6.2 Games (16.2%)
6.3 Protocols, dev tools (15.3%)
6.4 Digital arts, collectibles platforms (11.7%)
6.5 Gambling apps (9%)
6.6 Governance tool: DAO, DAC (7.2%)
6.7 Bounties platforms (3.6%)

Question 7: What is the MOST important feature of Ethereum that attracts people and companies to build applications on it?

7.1 Smart contract and other technology (55.9%)
7.2 Community (23.4%)
7.3 Cryptocurrency (6.3%)
7.4 Security (6.3%)
7.5 Transparency (4.5%)
7.6 ICOs (3.6%)

Question 8: What is the MOST important feature of Ethereum that attracts users other than the builders to use its applications?

8.1 Cryptocurrency (36.9%)
8.2 Smart contract and other technology (19.8%)
8.3 Community (14.4%)
8.4 ICOs (9.9%)
8.5 Security (9.9%)
8.6 Transparency (8.1%)

While 36.9% of participants predicted that the user base of ‘open finance apps, tools’ would continue to grow in 2020, only 16.2% forecasted the popularity of blockchain gaming, a market which experienced a rapid expansion after the launch of CryptoKitties at the end of 2017.

The boundary between games, gambling, and collectibles is becoming more difficult to define as more players join the arena. The combination of the said genres — all of which serve the common purpose of providing entertainmentcan give a more realistic overview of the prediction. In comparison to the prediction of popularity for open finance apps (36.9%) in 2020, the entertainment category, which combines games (16.2%), gambling (9%), digital arts and collectibles platforms (11.7%), received the same overall score of 36.9%. This indicates that while there is an expectation of gaming app popularity that is not as high as expected, entertainment-based apps on the blockchain are still considered a high potential category, according to the opinions of the respondents.

Under this section, I have included a question to enhance the understanding of what brings builders and users to Ethereum. Predictably, cryptocurrency scores rather low as a factor that attracts builders (6.3%) when compared to general users (36.9%). While smart contracts and technology scored high among both groups, 55.9% for builders and 19.8% for general users, the community was one of the main attractions for both builders (23.4%) and general users (14.4%).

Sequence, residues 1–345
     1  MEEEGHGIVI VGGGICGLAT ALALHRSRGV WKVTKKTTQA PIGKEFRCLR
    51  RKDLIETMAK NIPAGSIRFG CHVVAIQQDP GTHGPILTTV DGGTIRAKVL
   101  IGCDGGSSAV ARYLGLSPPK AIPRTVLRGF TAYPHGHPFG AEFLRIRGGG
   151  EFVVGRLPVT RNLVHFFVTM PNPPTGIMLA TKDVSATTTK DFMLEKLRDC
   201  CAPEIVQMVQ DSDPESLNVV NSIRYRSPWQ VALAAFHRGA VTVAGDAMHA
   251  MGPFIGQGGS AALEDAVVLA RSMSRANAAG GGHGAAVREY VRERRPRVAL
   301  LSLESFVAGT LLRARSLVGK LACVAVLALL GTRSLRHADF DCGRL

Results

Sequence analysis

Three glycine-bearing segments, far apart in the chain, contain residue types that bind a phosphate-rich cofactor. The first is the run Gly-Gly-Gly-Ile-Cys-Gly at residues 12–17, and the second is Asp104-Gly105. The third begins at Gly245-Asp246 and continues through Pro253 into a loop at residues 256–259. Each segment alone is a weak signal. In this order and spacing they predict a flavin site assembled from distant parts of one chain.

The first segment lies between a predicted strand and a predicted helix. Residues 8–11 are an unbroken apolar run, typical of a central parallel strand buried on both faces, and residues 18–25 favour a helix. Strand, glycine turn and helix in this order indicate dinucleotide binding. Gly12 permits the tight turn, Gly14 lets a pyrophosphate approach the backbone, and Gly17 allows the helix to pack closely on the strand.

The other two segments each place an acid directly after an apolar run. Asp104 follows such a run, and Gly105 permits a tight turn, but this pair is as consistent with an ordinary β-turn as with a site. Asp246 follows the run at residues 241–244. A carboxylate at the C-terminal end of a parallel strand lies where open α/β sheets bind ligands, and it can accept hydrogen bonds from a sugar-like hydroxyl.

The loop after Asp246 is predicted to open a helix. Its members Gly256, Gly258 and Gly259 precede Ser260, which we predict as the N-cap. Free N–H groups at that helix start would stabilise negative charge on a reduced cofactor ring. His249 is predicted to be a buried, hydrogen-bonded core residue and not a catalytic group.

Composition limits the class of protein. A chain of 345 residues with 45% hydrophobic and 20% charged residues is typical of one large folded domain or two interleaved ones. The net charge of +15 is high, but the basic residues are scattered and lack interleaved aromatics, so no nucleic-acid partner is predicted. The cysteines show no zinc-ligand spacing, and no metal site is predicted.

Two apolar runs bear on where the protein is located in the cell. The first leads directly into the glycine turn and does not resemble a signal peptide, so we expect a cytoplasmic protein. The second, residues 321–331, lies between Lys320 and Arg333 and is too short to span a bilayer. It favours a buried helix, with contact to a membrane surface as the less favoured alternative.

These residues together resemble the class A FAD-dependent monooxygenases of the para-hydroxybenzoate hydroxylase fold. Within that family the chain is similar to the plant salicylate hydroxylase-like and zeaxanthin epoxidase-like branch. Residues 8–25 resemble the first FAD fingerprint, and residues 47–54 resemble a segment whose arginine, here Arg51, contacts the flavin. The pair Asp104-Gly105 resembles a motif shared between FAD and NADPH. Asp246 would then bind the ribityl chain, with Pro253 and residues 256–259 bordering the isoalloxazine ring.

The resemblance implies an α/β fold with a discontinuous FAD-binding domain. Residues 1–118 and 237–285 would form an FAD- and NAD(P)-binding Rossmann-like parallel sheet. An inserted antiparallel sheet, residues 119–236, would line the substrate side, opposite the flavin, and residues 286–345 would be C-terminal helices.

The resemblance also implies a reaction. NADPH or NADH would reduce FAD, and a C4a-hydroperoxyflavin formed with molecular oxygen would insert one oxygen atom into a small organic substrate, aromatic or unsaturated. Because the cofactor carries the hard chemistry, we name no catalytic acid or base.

5) User pain points

Goal: To prioritize pain points for making relevant and necessary improvements.

Question 9: What is the MOST important reason that keeps you from using Ethereum applications more often?

9.1 Complicated UX in general (37.8%)
9.2 I don’t need to use their features (27%)
9.3 Not so many friends are using them (16.2%)
9.4 Cost (expensive) (6.3%)
9.5 Speed (slow) (5.4%)
9.6 Ethereum currency (need to exchange/mine, KYC) (3.6%)
9.7 Afraid of losing private keys (2.7%)

Question 10: What is the LEAST important reason that keeps you from using Ethereum applications more often?

10.1 Complicated UX in general (6.3%)
10.2 I don’t need to use their features (7.2%)
10.3 Not so many friends are using them (18.9%)
10.4 Cost (expensive) (9.9%)
10.5 Speed (slow) (26.1%)
10.6 Ethereum currency (need to exchange/mine, KYC) (9.9%)
10.7 Afraid of losing private keys (21.6%)

The utility scores for Questions 9 and 10 are as follows (see Figure 2):

9.1 & 10.1 Complicated UX in general (0.310)
9.2 & 10.2 I don’t need to use their features (0.198)
9.3 & 10.3 Not so many friends are using them (-0.027)
9.4 & 10.4 Cost (expensive) (-0.036)
9.6 & 10.6 Ethereum currency (need to exchange/mine, KYC) (-0.063)
9.7 & 10.7 Afraid of losing private keys (-0.189)
9.5 & 10.5 Speed (slow) (-0.207)

Figure 2. Ethereum User Pain Points

The biggest barrier to more frequent usage of applications built on Ethereum was the UX being complicated(0.310), followed by the applications containing irrelevant features (0.198). Given the scoring, the network’s popularity is not an appreciable concern (-0.027). Surprisingly, technical limitations such as speed (-0.207) and the retrieval of private keys (-0.189) were scored among the lowest.